32. 32.  Reports on Impact of Deployment – 4 negative themes 1. Behaviour 2. Loss 3. Emotion & 4. Military life impact  “Many of the parents reported changes in their child’s behaviour across the deployment process. These were changes that they attributed solely to their child’s experience of deployment....”  Katy Farrell-Wright, May 2011, Cardiff University
  33. 33.  Emergence of 4 positive theme, some of which were in direct opposition to the negative themes –  Behaviour  Character  Enhanced relationships  Military life impact  “There were a number of areas in which participants described the development of positive personality attributes in their child...”  “It brought us all so much closer, having to go through something like that; we were a much stronger family unit afterwards.”
  34. 34.  Popular romantic film images of returning service men & women reunited with beaming families  Illusion & reality somewhat different  ‘There’s a stranger in the house’  The re-emergence of the father  ‘You wait till your Dad gets home!’  Behaviour management – the threat of the absent parent  Emotional expectations may not meet real life experiences  Yet the illusion persists...
  35. 35.  Aware that Joy has researched extensively the impact of mobility and deployment on service children  Mobility Project -2009, Halton School  Cycles of disengagement and re-engagement before and after school moves  Periods of settled and unsettled behaviours in babies and young children  Emotional and physical responses to environmental factors  The resilience of children and their parents a factor in reducing negative impact of mobility
  36. 36.  “Moving between different postings and the potential for deployment are facts of military life. These not only impact on the Service person, but also on the family. Moving on a regular basis, ‘mobility’, may have a deleterious impact on the family and was one of the most significant concerns raised by military families..”  Unsung Heroes, 2012.  “For mobile families, every time they move they enter a lottery; whether they get a choice of school or whether they get children into a good or failing school.. “  Written Evidence from Army Families Federation, 8th Feb 2013
  37. 37.  Anecdotal evidence (community centre mothers) to indicate the mostly negative impact of mobility on children  New school entry generating a host of negative experiences & childhood memories  Comment that as service children, they ‘hated every minute of being stood before the whole school’ & introduced to peers  Parents see their own children going through the same processes, with same fears they experienced  What are the practices schools employ to integrate new children?  How is intention matched by outcome?  How are child sensitivities & needs protected?
  38. 38.  Potential for a family to share the same experiences  Anticipation of stresses, in a familiar context, can offset anxieties  The ability to re-create home environment & routines  The mood & attitude of parents a significant determining factor in how positively young children respond to change  Infants, with an emerging optimistic personality, more likely to gain from the experience  Young children, with an emerging sense of self & identity & pessimistic personality, less likely to fare well from experience
  39. 39.  Defence Recovery Capability  Help for Heroes runs four Recovery Centres – Colchester, Catterick, Tidworth & Plymouth  Designed to inspire, enable and support wounded, sick or injured service personnel and their families  The centres provide a launch-pad-to-life support service  See the needs of the individual being grouped into five key areas – medical, mind, body, spirit and family – all needing to be in balance to ensure a fulfilled and happy life  (Co-Founders’ Letter, Annual Report, H4H, 2012)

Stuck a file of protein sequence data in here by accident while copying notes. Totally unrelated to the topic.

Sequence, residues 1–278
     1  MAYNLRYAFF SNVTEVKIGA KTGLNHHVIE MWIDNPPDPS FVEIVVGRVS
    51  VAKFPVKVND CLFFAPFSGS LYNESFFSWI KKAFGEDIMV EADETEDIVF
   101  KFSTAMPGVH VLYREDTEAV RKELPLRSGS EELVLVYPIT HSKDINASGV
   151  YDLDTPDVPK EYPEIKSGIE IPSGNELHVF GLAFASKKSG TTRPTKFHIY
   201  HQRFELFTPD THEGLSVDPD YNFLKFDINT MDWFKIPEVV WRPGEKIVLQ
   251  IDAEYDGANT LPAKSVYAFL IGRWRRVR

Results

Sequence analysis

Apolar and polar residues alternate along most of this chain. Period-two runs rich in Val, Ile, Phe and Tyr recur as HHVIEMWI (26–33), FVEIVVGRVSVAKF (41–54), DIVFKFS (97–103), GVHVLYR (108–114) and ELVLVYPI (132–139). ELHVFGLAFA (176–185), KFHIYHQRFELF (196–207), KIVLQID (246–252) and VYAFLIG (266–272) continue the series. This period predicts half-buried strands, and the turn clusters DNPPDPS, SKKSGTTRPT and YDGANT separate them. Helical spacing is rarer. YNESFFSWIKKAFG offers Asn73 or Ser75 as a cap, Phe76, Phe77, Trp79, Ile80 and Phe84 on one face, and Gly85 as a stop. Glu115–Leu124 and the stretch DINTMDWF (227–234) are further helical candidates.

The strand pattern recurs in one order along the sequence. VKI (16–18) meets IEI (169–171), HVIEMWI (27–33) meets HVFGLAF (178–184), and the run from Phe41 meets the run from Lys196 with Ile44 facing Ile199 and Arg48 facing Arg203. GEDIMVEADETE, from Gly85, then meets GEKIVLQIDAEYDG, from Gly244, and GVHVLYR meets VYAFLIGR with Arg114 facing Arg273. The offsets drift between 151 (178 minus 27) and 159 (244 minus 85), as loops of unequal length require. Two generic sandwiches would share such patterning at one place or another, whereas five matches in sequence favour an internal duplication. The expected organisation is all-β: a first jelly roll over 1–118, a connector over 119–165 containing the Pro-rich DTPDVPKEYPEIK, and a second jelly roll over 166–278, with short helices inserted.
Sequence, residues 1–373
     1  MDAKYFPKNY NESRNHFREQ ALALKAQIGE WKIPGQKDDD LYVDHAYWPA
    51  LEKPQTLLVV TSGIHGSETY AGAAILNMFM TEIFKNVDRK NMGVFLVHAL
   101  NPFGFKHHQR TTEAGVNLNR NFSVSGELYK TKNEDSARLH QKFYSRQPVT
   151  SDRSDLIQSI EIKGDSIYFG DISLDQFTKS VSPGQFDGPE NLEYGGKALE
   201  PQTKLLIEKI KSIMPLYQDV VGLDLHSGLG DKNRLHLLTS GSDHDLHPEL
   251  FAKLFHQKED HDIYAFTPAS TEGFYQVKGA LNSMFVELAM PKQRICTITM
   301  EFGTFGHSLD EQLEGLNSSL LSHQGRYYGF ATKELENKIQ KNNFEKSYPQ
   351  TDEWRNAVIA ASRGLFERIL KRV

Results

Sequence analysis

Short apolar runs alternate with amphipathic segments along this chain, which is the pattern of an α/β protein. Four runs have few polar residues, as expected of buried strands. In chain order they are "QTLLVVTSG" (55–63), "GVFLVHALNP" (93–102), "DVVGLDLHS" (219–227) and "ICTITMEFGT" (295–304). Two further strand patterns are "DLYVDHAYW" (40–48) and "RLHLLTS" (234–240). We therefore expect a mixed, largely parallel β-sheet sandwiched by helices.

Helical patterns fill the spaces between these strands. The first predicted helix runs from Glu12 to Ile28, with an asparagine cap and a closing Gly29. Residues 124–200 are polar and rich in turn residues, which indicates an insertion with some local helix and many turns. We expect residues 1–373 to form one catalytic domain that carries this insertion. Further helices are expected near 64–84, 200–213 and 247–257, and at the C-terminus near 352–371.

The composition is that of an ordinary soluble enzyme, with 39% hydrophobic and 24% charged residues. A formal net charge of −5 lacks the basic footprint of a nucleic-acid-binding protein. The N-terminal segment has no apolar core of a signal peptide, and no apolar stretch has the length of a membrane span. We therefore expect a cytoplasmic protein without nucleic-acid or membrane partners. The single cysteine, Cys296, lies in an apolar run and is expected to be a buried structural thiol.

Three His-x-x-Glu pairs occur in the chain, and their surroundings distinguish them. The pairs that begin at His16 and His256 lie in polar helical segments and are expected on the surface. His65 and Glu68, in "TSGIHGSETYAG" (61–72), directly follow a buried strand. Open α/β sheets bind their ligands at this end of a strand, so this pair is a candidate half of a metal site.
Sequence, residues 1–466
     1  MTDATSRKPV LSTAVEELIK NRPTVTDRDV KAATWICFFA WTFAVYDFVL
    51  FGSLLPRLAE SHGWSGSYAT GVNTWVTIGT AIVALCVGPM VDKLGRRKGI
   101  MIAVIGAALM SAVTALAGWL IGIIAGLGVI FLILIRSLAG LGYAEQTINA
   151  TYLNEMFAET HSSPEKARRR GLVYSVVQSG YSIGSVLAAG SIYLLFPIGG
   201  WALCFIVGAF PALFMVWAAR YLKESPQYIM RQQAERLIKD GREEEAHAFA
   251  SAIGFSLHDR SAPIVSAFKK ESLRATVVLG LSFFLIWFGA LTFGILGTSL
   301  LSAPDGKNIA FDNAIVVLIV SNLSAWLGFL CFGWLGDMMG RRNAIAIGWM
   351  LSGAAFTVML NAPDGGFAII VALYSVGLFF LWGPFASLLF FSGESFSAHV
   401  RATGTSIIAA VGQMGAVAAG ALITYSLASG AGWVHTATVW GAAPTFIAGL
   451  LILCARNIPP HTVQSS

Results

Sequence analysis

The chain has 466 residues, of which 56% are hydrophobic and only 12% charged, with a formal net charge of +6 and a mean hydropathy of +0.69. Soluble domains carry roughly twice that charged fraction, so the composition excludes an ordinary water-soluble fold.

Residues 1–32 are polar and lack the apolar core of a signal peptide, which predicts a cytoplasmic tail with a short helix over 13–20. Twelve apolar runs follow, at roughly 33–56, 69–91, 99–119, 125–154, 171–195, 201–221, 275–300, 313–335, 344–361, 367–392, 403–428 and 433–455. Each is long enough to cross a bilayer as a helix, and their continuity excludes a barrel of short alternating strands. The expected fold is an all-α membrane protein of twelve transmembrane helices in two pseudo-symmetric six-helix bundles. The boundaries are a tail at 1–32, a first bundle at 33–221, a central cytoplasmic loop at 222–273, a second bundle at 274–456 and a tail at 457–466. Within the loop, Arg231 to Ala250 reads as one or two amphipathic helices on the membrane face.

40. 40. Injured Servicemen & women Medical Mind BodySpirit Family
  41. 41.  “We all need to remember that those wounded in the last 10 years will still need help in 20, 30, 40 years time and beyond...”  Bryn Parry, Chief Executive’s Report, 2012  A need to remember that the partners and children, of those wounded in the last 10 years, will still need help...
  42. 42.  The impact of physical and/or mental disability profound & long term if not life-long  Sense of loss, adjustment and grief common  Changing roles in relationships & families can be problematic  The shift from independence to dependence, and shift back again to independence, fraught with difficulty  A toll taken on service families, on partners & children that can break up families & impact significantly on relationships  The needs of babies & young children may be secondary to more demanding & diverse needs of injured service men
  43. 43.  “The support injured service personnel receive from their families has been shown to be integral to recovery. As well as addressing the psychological needs of service personnel recovering from physical injuries, the practical and emotional impact on the families who care for them must also be taken into consideration.”  Unsung Heroes: Developing a better understanding of the emotional support needs of service families, March 2012
  44. 44.  Publishing & publishing houses –  Who represents the needs of service children & families?  ‘Not our thing’, ‘a niche market’ ‘not commercial enough’  Political lobbying -  SEND groups very successful with influence at senior level  Funding disparities between needs of service children & communities & funding on SEND  What gains could be made with £30k per pupil per year?  What gains could be made with £250k per pupil per year?  Individual pupil ‘high-level’ support v whole community support
  45. 45.  Heather Stack  E-mail: heather@hmstack.com  Tel: 01926 495695  Mobile: 07955 607434  LinkedIn – Heather Stack, Founder & SEN Consultant, HM Stack Consulting  Twitter @HMStack  hmstack.wordpress.com